Standard

ALP_9859

My little sparklers, the first time I met Kelly DiPucchio we were at an SCBWI – Michigan conference many years ago. Kelly was wearing a feather boa (not exactly standard issue for children’s writers!) and I thought, “Who is this amazing person?” There are many ways to answer that question–Kelly is a prolific New York Times bestselling picture book author. She is a creative, thoughtful and kindhearted woman. And best of all, Kelly is my friend. I could not be more delighted to have her join us for Summer Open House 2017.

Today, July 4, is the birthday of Kelly’s newest picture book is SUPER MANNY STANDS UP!

SM_Cover_V2_03

Atheneum Books for Young Readers (July 4, 2017)

“This charming story marries the mania for superheroes with a potent anti-bullying message, making it an apt tale for present times. Super Manny, an imaginative raccoon child…declares out loud to the world his own fearlessness and strength in words that children will want to echo…. With great read-aloud potential, this story could be used by both parents and teachers to introduce concepts of courage and standing up to bullies from the youngest preschoolers up.” (Kirkus Reviews, May 2017)

Watch this super SUPER MANNY trailer!

You can enter for a chance to win your very own copy of SUPER MANNY to enjoy yourself or share with a beloved child in your life.

  • All you need to do is leave a comment at the end of this post!
    • Leave a favorite quote to add to the new “Worth Repeating” page, and you’ll get two chances.
    • AND if you become a new follower of Frog on a Dime, you’ll get three chances to win!

Drawing takes place Saturday, July 8 at Noon. 

Lemon sliceSince Kelly was kind enough to stop by for the Summer Open House, how could I resist offering her a seat on the Frog on a Dime porch swing for some lemonade and conversation?

What role has mindfulness and/or intuition played in your writing career?

Mindfulness has played a tremendous role in my writing career and life. I could tell you many stories about how different meditation practices have inspired new book ideas and even completed manuscripts in one sitting. I’ve come to learn over the years that meditation doesn’t mean you have to be in a lotus position on the floor with sandalwood incense and white candles burning. There’s certainly nothing wrong with that and I, myself, enjoy creating those sacred spaces occasionally before I write but I can also create mindfulness by taking walks in nature or sitting in the sun or even folding clean laundry (definitely my least favorite).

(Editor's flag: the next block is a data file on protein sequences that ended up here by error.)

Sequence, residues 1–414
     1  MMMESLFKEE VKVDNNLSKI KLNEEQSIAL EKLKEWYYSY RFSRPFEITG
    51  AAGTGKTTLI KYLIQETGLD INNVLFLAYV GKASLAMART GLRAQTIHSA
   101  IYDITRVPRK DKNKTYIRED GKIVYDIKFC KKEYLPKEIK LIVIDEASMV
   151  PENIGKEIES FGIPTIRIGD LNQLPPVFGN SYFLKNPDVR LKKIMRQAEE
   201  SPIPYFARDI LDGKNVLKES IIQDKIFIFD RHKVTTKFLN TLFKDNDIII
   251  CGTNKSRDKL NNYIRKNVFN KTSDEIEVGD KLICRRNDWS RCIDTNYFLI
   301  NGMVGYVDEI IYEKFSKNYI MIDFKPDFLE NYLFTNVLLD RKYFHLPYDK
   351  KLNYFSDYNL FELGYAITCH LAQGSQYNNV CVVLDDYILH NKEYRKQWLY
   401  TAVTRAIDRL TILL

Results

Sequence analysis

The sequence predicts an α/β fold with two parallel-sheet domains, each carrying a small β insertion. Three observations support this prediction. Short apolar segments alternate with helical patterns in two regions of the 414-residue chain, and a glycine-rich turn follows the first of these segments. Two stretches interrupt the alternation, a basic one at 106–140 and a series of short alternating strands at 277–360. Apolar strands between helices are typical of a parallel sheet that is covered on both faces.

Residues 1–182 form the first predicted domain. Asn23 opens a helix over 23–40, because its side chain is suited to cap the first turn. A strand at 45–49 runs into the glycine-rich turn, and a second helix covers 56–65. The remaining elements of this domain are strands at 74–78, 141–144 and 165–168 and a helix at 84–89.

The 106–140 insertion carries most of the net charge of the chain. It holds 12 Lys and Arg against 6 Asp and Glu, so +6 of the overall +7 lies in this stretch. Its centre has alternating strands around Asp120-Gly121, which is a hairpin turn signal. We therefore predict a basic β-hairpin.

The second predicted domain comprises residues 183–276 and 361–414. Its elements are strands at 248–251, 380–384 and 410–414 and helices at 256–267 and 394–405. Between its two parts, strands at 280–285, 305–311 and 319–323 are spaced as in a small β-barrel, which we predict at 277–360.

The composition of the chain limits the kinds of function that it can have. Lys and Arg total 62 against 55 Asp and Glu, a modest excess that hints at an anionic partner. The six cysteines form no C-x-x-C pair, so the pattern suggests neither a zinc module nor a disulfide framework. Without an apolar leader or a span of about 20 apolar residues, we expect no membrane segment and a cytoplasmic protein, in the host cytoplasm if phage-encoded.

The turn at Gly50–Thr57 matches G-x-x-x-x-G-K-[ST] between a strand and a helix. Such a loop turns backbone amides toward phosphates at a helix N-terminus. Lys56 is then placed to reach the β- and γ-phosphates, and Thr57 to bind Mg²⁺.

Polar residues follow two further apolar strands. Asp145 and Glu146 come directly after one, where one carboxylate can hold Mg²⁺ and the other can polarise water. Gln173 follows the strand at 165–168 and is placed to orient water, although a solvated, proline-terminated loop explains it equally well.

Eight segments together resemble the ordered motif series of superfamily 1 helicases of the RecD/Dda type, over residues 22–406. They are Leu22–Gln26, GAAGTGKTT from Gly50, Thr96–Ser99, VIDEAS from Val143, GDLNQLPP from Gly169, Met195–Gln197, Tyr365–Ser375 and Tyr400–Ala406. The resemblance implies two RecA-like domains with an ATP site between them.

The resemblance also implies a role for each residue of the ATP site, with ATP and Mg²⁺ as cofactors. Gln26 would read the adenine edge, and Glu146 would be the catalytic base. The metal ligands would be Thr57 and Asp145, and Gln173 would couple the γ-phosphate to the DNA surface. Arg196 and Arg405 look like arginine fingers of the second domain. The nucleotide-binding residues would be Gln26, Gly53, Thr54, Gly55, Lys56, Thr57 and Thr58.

What is your favorite day of the week–and yes, why?

Okay, probably only writers and artists will understand this but MONDAY. Mondays mean I’m getting back to my routine and there’s something very empowering and hopeful about having the full week ahead of me so I can get things done. Usually, by Friday, I’m lamenting about how much more I should have gotten done that week!

I know this is rather personal, but what is under your bed?

A few wayward socks (see Question #10), an empty suitcase, stray dryer sheets, a peaceful colony of dust bunnies, a flashlight and copies of A Course in Miracles and Autobiography of a Yogi (for good energy).

Who makes you laugh the most?

A few years ago, I definitely would have answered, “My husband!” However, now I’d have to say my son is closing in on a tie for first place. My husband and I take pride in the fact that we’ve birthed and raised some very funny people.

If you were a cheese, what kind would you be? Why?

I’d probably be Swiss because I’m pale and holy.

What’s the best gift you’ve ever received?

My kids. I know that sounds incredibly hokey and cliché but nothing else in my life can even come close.

Kelly, now be honest, kind of music feels like torture to you?

Heavy metal. That answer should not come as a big surprise to anyone who knows me because I will openly admit to loving Barry Manilow.

What is your inner adult/inner child ratio?

50% Adult. 25% Child. 25% Dog.

If you could make a guest appearance on a sit com, which one would it be–and why?

Probably Modern Family because I love the cast and the show.

Describe your sock drawer in three words or less.

Messy. Mismatched. Merry.

If you hadn’t become a writer, what would you be?

A totally different person.

Your favorite punctuation mark: !!!!!!!!!!!!!!

Favorite food or drink while writing: Coffee!!!!!!!!!!!!!!!

Fantasy road trip destination:

Well, you can’t get there by road but my inner compass keeps pointing me in the direction of Ireland. Cross my pink hearts, yellow moons, orange stars, and green clovers I will get there one day!

Kelly, thank you so much for stopping by. I think you’re super!

And best o’ luck with Ireland!

Be mindful. Be grateful. Be positive. Be true. Be kind. ~ Roy Bennett

Frog 3